can't have a patchwork of personal styles and expressions throughout
Multilingual Architecture Requirements
These issues translate into a number of requirements that a multilingual
architecture has to deal with, beyond the simple separation of source
text from the program code:
- Localization Fallback Handling:
But errors are going to occur even if you are using an automated
translation workflow. Typical cases include missing translations
or missing localized GIFs (all images that include text). In these
cases you want to provide the user with reasonable default values
(such as English text) and you want to inform your Translation
Workflow about the error ASAP.
- Translation Workflow:
Imagine that you have just added one new field to a screen of
your program and that you want to deliver the modified application
to your clients ASAP. But before you can do so, the new field
has to be translated by N (the number of your target languages)
translators, N EMail replies have to be checked for completeness
and have to be manually integrated into your resource files. Finally
you should have made N final tests.
So what you need is a workflow application that takes care of
the organizational aspects and that helps you to reduce errors.
Such workflow applications notify translators if a change has
occurred in the source text and that tells you when the last translator
has returned his or her results.
- Translation Cost:
You can be sure that your CFO is going to ask you after your second
software release why the translation costs are so high. This is
because translation is a manual process and good translators charge
daily rates comparable to software developers. So you will have
to add cost saving features to your translation workflow such
as computing the "diff" between the current version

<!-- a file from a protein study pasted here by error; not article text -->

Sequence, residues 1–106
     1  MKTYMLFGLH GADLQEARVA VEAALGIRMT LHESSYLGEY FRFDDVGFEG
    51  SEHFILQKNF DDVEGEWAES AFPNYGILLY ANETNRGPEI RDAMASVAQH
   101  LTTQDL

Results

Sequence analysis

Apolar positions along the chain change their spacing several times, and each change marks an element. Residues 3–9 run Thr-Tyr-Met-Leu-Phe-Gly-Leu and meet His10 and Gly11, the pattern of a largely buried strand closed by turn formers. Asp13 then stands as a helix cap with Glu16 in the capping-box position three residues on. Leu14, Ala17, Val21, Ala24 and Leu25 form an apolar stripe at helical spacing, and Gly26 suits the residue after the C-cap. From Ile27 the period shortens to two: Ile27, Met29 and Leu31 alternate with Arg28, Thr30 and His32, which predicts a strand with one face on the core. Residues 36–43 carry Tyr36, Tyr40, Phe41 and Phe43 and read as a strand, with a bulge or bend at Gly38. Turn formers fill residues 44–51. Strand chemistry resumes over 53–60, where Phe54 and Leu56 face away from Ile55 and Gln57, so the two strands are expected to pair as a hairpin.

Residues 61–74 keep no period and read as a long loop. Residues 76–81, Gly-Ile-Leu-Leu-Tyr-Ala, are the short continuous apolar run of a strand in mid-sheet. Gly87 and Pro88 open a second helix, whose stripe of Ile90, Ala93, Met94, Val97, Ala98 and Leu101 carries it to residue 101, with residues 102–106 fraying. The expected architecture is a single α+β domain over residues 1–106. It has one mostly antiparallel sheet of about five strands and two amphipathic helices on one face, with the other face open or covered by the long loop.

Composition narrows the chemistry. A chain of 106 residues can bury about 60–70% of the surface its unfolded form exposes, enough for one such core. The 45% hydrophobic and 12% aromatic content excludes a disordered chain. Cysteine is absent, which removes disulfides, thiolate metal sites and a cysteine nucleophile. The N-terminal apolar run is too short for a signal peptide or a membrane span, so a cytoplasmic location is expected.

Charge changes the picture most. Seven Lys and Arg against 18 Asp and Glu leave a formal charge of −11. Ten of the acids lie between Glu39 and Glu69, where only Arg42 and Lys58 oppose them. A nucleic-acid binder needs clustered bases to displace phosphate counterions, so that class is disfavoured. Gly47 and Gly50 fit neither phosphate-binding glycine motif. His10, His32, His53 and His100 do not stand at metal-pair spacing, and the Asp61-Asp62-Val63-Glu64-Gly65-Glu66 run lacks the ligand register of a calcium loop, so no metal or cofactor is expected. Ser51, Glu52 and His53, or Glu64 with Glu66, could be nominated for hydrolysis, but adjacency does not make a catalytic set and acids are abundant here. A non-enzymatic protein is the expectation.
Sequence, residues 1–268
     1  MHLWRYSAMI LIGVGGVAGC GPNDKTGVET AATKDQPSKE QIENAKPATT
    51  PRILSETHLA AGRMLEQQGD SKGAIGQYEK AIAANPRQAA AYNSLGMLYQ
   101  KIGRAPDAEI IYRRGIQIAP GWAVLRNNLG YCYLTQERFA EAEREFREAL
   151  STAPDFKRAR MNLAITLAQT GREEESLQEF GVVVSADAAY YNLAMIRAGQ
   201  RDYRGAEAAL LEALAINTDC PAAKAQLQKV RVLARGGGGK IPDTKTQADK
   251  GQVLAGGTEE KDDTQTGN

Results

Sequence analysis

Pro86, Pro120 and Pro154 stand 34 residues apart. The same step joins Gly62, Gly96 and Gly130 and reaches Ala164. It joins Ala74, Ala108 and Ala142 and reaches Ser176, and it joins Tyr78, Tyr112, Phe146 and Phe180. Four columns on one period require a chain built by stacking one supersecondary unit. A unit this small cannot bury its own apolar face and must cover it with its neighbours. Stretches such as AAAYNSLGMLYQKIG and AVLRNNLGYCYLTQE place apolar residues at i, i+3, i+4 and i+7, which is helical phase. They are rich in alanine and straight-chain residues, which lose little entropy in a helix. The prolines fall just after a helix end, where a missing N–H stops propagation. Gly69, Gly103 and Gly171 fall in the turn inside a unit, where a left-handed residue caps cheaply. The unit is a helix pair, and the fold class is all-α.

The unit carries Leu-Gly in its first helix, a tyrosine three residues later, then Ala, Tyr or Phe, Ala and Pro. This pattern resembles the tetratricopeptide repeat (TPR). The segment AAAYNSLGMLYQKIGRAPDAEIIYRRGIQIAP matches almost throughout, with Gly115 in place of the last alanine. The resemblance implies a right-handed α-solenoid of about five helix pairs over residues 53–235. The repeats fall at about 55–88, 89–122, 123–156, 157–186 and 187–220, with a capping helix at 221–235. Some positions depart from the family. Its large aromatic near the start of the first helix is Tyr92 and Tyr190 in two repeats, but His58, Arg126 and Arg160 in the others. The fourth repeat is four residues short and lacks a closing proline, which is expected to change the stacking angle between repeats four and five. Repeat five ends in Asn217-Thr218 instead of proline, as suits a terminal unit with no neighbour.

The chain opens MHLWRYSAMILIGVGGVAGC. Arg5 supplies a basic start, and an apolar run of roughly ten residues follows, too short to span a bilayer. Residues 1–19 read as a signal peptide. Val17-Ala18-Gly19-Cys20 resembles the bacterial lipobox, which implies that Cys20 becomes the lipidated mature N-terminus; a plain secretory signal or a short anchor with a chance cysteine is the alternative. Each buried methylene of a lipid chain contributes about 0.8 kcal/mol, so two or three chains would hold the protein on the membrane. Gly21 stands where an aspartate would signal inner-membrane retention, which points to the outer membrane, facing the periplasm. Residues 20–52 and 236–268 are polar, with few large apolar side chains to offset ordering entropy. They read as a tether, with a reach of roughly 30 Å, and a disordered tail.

and the last version. Or you have to close a special deal with
your translation agency.
- Translation Context:
Another issue that is going to occur is that your translators
are going to complain about missing "context" for their
translations. Missing context leads to wrong translations and
can have very funny results. The question is whether your clients
also think that it is funny... So you need to provide your translators
with the context of their phrases.
- Terminology Consistency:
Finally you have to make sure that your translators use the same
words for the same concept throughout your GUI and your documentation.
This issues becomes even more important if you are working with
several translators on the same project of if you are changing
translators. So you have to make sure that your translators use
a Translation Memory and a Terminology Maintenance Application
at home. Unfortunately these tools are very expensive and they
only work together with Microsoft Word which unfortunately is
not the file format of your resource files.
Two MLA Examples
I want to present two extreme examples of multilingual architectures:
Configurator application represents a typical object oriented
Java architecture. The ]project-open[
Web Application represents a typical Web Application with a
||Java Servlets and Business Objects with local state
||Stateless Tcl architecture with central Oracle database
|Resource File Format
||Centralized "Localization Subsystem" cached in memory
||Centralized translation lookup using a single database lookup
||EMail exchange of MS-Word resource files
||Online workflow per translation item
||Explicit fallback rules + logging of fallback events for the
||Return of English text + error events to the translation workflow
||Design templates with separate components for all localizable
||Translation strings cached in RAM because of slow Java-DB
|| Database access for all localization strings because of fast
Both multilingual architectures have proved to work well in practice.
However, the way of maintaining the systems is very different:
- The Car Configurator maintains all translatable items in Microsoft
Word resource files structured as tables. This makes the work
very easy for the translators who can use the Trados translation
memory and MultiTerm terminology maintenance component. Also,
this made it easy to communicate with translators (by EMail) who
are normally not very technology savvy. The organizational overhead
is limited because there is only a single resource file per language.
- The Competitiveness.com Marketplace includes its own online
Translation Workflow module that allows translators to work online.
Consistency and error control is automatic. However, translators
were complaining about missing context and expensive online time.
Translation is now done by in-house translators in the Competitiveness.com
Both multilingual architectures present viable options. However,
I recommend to define clearly the linguistic and organizational
aspects before the implementation of a MLA.